This article was originally published by The Mennonite

An interview with Alisha and Joshua Garber, mission workers in Spain, and Pastor David Becerra

Elisha Garber at a picnic
Photo: Left: Members of Comunidad Evangélica Menonita in Barcelona have embraced Alisha and Joshua Garber, new mission workers in Spain. Photo by Joshua Garber.
An interview with Alisha and Joshua Garber, Mennonite Mission Network mission workers in Barcelona, Spain, and with David Becerra, pastor of Comunidad Evangélica Menonita in Barcelona.
When someone says “mission work,” it’s all too easy to just think about ministry in developing countries. But tell me what it’s like to be a mission worker in Europe.

Alisha:  In Europe, we’ve found that young people have a strong sense that there’s something bigger and unexplainable moving both in their lives and throughout the world. In the past, it was the church that would guide such folks through their spiritual journeys. However, the institutional church is moving closer and closer to the fringes of society, and lots of people are questioning its relevance in today’s world as many church communities cling tightly to the past and refuse to change.

People are spiritually starving.

Joshua:  We are hopeful, however. The narrative throughout the Hebrew Scriptures tells the story of the Israelites’ path constantly drifting from God and then returning, with critical moments punctuated by prophetic voices that help realign their priorities and vision as a people. We believe the church is in a time of transition – metamorphosis, even – and we’re hopeful the Anabaptist perspective can serve as that voice as we support the emerging church.

That’s a good reminder. So, why Spain?

Joshua:  We felt called to a post-Christendom context, and entertained the idea of serving in different places—Belgium, Northern Ireland … but doors kept closing. Except for Spain.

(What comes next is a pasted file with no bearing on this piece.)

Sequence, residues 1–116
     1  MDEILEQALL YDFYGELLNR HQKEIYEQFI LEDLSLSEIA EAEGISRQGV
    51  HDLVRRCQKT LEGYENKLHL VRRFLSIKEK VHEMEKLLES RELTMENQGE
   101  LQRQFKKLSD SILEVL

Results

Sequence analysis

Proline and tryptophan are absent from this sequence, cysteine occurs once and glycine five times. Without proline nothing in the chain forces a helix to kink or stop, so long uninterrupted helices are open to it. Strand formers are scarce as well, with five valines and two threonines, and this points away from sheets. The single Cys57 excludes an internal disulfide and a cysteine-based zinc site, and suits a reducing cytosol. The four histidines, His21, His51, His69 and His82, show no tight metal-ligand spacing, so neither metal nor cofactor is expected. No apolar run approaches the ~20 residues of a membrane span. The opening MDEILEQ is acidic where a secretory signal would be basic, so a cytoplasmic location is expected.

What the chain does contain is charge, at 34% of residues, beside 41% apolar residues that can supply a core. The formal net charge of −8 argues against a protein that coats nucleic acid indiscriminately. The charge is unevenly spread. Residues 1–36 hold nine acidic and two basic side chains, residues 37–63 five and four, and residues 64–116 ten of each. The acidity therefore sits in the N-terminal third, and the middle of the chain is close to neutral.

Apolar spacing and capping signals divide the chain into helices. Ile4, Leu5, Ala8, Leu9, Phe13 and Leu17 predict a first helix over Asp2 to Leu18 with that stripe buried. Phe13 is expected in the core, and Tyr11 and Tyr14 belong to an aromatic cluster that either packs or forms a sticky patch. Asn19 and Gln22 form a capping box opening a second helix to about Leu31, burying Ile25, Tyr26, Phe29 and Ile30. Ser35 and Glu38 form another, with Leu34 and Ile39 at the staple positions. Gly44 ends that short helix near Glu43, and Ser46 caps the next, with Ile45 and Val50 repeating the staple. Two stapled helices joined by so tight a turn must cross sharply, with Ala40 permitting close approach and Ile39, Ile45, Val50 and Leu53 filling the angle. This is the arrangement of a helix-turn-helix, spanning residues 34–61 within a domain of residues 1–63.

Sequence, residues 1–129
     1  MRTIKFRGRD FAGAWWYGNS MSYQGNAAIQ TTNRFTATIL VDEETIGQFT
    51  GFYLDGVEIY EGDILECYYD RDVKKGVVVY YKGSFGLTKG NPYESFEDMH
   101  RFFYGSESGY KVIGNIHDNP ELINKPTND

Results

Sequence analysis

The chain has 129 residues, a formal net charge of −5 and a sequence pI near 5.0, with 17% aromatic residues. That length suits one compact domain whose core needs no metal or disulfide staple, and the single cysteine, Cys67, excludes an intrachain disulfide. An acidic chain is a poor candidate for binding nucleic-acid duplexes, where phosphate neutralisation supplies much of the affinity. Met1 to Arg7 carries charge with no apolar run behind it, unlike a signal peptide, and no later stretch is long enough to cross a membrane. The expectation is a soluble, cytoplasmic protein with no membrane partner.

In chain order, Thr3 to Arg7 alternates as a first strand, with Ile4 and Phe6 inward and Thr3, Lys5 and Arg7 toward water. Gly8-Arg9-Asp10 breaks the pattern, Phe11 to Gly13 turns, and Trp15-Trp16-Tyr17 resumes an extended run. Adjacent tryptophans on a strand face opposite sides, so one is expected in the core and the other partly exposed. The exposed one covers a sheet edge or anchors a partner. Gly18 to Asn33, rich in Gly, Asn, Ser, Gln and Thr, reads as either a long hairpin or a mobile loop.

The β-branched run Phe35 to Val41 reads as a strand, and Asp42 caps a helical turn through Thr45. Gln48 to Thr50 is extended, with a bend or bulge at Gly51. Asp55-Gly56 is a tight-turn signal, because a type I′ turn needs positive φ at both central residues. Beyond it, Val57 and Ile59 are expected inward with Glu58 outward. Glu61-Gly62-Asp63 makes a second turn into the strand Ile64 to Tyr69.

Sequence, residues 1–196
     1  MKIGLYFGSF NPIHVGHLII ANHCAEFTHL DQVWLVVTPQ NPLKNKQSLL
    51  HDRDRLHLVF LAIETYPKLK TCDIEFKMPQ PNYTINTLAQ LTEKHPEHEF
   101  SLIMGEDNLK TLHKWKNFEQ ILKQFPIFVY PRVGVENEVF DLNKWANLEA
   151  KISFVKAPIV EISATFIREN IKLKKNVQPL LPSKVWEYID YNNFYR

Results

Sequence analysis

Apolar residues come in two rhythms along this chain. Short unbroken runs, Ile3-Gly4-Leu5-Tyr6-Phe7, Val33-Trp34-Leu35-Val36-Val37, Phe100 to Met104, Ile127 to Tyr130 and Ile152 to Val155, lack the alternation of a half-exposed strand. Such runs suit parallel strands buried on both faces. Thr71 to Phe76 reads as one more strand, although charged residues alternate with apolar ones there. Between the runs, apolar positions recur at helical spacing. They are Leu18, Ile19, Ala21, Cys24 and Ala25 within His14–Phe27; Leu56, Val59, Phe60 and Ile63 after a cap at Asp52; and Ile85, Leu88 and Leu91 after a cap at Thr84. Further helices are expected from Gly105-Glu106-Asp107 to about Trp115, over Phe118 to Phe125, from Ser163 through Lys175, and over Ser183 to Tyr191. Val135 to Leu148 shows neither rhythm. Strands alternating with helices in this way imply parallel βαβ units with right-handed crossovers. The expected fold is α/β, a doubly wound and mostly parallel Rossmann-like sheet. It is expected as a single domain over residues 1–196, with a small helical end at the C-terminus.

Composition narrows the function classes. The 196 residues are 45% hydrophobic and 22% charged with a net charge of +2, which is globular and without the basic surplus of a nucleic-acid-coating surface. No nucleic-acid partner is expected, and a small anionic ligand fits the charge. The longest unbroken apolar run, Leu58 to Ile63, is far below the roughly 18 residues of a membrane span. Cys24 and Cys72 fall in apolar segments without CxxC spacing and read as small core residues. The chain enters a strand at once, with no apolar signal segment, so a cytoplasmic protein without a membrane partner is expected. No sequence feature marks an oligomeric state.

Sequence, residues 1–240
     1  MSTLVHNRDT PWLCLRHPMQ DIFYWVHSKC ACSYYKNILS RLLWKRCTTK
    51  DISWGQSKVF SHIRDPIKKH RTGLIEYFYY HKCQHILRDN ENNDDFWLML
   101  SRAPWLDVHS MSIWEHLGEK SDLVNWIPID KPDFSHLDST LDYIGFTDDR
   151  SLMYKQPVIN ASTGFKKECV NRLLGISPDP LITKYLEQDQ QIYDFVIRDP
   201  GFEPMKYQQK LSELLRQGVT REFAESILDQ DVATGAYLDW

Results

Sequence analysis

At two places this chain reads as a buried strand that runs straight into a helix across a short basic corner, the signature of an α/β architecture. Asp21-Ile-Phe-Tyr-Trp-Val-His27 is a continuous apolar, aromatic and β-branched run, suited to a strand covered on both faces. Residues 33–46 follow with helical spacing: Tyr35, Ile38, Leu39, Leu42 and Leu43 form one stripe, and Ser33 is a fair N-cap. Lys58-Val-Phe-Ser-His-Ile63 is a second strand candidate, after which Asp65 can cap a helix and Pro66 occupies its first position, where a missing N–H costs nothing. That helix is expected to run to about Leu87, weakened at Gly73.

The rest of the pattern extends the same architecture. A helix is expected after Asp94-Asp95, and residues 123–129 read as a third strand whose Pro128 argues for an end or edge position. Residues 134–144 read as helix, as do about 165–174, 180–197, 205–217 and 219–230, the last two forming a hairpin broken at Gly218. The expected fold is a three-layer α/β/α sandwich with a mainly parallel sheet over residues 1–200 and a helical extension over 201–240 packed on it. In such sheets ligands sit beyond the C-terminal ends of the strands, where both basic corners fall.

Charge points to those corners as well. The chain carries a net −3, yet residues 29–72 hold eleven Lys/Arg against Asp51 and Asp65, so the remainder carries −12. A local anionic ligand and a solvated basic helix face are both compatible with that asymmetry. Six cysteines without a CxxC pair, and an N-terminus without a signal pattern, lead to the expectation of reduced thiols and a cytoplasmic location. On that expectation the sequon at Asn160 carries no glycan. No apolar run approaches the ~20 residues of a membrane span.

So we visited four of the Anabaptist churches in Spain (Alisha only joined the first trip because she was eight months’ pregnant during the second) and asked, “What are the needs of your community?”

We took a very Old Testament approach of saying, “God, if you want us to ‘consider this,’ then we need you to make that abundantly clear for us.” The first time we visited Burgos, we asked if we should consider Spain. The second time, when it was just me (Josh), I asked God to show exactly where we were being called. And each time, God answered – again, very much in the style of what you see in the Old Testament.

Alisha:  And, to be clear, this is not how we normally operate. We’re not accustomed to making such strong, specific requests to God. But, because discernment seemed to be such an important factor in our future, it felt like this is what we needed to do to be clear about what God most desired from us. Incredibly, God answered each question in very specific ways.

Joshua:  And then we met people from La Comunidad Evangélica Menonita in Barcelona.

And what did they say?

Joshua:  Before sharing what Alisha and I felt we had to offer, I was floored as they began listing things like developing an environment that encourages and supports youth, engaging in and rejuvenating worship, and developing some social programs that would allow the church community to engage and benefit the local neighborhood.

These are the exact areas of our lives that had been deeply transformed during our time [in Lithuania] at LCC International University. For example, we both had experience in working with high-school youth before LCC, but learned a lot about leadership development in young adults. I was a musician when I entered LCC, and I became a third-way worship leader. While at LCC, Alisha learned about what a restorative justice model of discipline might look like, and replaced the former punitive model.

It was a profoundly holy experience to realize that, if we had come immediately to Spain instead of spending our time growing and developing in Lithuania, we would not have had the skills and experience they needed.

God had been shaping both us and them for this moment.